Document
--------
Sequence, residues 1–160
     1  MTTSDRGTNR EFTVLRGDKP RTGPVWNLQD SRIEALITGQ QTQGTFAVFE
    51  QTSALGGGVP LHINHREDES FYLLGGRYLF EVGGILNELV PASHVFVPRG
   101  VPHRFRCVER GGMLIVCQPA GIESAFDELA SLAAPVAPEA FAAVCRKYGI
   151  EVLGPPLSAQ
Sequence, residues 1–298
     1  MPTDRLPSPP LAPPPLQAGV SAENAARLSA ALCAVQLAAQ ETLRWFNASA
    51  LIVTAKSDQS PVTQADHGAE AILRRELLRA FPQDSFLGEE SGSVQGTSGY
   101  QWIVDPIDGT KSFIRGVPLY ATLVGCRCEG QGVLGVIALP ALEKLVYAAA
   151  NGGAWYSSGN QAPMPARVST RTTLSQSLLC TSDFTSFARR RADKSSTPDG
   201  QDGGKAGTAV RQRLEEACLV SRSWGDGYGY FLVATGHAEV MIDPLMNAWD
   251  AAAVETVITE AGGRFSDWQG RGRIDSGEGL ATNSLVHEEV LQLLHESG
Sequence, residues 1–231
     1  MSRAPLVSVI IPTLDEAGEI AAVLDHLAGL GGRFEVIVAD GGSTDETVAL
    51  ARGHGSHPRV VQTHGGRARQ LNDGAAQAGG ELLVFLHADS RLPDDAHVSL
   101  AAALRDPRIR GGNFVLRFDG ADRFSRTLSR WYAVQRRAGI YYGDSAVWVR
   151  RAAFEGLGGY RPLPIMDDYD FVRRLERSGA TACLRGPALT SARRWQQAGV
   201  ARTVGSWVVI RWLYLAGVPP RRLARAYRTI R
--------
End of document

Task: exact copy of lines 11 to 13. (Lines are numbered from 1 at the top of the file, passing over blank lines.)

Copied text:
   201  QDGGKAGTAV RQRLEEACLV SRSWGDGYGY FLVATGHAEV MIDPLMNAWD
   251  AAAVETVITE AGGRFSDWQG RGRIDSGEGL ATNSLVHEEV LQLLHESG
Sequence, residues 1–231